Of the nocturnal birds found on this Island of Hispaniola.

Translated by Yuming Ren ’21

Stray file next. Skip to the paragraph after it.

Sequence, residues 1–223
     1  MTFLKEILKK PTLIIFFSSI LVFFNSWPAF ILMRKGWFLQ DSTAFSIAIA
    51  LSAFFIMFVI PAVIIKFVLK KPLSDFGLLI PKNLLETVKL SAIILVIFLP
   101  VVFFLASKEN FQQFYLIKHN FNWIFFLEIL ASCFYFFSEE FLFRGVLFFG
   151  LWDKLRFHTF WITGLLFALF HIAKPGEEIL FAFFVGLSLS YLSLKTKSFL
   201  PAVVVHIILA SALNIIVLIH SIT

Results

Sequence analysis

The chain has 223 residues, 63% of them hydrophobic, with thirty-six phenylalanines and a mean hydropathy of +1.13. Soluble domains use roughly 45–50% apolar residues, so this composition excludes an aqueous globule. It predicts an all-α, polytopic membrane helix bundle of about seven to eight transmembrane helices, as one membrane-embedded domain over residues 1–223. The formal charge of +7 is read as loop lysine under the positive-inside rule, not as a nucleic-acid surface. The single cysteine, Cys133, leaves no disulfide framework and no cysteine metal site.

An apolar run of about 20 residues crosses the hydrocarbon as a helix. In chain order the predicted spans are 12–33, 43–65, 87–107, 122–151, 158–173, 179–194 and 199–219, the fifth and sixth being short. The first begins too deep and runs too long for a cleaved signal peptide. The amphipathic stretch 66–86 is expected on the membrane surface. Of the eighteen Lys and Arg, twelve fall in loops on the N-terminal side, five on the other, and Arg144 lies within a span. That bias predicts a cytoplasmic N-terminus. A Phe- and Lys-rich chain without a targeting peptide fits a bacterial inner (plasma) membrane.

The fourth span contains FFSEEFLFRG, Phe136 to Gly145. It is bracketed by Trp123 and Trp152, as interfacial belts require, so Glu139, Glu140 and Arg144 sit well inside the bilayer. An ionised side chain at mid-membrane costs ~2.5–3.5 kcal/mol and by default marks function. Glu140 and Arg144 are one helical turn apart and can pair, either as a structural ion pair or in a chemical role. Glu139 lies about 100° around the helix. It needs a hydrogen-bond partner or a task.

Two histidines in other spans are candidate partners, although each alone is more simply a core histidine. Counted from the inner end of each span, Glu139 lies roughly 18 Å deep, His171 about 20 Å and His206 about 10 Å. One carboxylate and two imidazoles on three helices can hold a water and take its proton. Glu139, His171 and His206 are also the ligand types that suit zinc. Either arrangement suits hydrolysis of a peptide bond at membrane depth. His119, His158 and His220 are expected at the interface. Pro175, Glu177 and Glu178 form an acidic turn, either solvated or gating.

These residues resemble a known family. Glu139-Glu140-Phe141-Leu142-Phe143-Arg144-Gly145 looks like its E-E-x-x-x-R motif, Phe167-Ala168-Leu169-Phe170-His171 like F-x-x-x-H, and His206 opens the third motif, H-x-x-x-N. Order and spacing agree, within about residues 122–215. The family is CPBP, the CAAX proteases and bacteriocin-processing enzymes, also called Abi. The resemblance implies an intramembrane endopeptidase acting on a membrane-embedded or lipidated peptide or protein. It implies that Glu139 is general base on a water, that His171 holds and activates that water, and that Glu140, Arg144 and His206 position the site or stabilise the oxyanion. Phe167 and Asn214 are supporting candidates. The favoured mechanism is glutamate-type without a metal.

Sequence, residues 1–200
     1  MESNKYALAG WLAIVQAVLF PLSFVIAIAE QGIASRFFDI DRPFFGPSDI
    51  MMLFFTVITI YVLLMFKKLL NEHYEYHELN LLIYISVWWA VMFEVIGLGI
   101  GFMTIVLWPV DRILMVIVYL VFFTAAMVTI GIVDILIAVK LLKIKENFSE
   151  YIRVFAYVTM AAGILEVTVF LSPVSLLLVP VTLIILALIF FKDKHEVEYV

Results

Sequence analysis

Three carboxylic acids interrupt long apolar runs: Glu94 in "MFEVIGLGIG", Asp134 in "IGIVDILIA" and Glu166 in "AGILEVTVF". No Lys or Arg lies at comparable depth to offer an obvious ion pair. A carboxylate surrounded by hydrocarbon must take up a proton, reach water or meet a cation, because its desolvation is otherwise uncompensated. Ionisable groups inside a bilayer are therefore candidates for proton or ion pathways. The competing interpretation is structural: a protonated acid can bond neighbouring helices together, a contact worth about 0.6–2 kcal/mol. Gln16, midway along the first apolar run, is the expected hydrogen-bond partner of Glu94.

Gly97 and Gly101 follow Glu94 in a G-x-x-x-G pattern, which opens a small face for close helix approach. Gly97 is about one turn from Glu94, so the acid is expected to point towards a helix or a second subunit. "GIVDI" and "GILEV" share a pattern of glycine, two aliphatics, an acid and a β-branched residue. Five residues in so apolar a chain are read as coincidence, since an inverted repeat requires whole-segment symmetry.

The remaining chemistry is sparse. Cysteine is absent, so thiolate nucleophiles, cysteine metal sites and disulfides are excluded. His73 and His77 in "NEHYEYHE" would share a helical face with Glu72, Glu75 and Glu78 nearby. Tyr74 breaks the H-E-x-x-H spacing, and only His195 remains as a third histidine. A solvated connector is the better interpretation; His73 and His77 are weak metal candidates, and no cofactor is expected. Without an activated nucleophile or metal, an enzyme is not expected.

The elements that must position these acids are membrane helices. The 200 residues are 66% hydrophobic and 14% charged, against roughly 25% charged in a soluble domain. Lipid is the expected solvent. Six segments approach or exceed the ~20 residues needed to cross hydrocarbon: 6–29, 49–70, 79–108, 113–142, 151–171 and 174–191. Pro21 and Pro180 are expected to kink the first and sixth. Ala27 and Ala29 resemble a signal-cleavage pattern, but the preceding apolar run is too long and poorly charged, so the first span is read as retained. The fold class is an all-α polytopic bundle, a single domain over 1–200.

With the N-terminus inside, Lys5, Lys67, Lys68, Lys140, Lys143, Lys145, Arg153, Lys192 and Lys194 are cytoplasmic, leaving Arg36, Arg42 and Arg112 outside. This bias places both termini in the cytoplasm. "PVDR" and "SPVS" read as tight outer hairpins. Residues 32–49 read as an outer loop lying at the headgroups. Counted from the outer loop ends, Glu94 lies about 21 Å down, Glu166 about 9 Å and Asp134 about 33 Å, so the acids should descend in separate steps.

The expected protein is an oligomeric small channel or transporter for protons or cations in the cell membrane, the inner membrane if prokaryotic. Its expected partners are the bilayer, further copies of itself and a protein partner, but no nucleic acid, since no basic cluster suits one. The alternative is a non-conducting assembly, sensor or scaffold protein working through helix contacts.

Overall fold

On this island there are some birds bigger than swifts; their wings and flight are the same, and they fly with as much speed and with that manner of turning, ascending and descending, and flipping in the air. These birds don’t go out nor are they seen except when the sun sets, and even sometimes when the sun is not visible because the sky is overcast. They appear a little after sundown, just like bats, and they fly all night; and sometimes they screech in such a way that they are heard from far away. I do not know what the Indians call them in this land; but I have seen many of these birds on the Mainland, but with a somewhat different plumage. In that brief summary that I wrote in Toledo about the Indies I called them nocturnal birds; but these are fierce enemies of bats, and they go around chasing and attacking them, and watching them clash is quite a sight to behold. But these others here on this island do not go after bats, nor are they as big as those of Castile, and they also differ in their plumage; but they too hunt mosquitos. The bats of this island are small and there are not many of them, and it seems to me that they go to roost early. There are also many barn-owls on this island, in the towns and the bohíos or straw huts; but these are much smaller than those of Castile, the size of a male kestrel or smaller. There are true owls, but very small ones and no bigger than the barn-owls I mentioned; they have those ears or horns raised on the head and have the typical plumage, and they have small eyes in proportion to the body; but they have very light plumage like the owls of Spain. There are little owls also, but small like the barn-owls and true owls I mentioned, some even smaller, and their eyes are like those of the owls of Castile.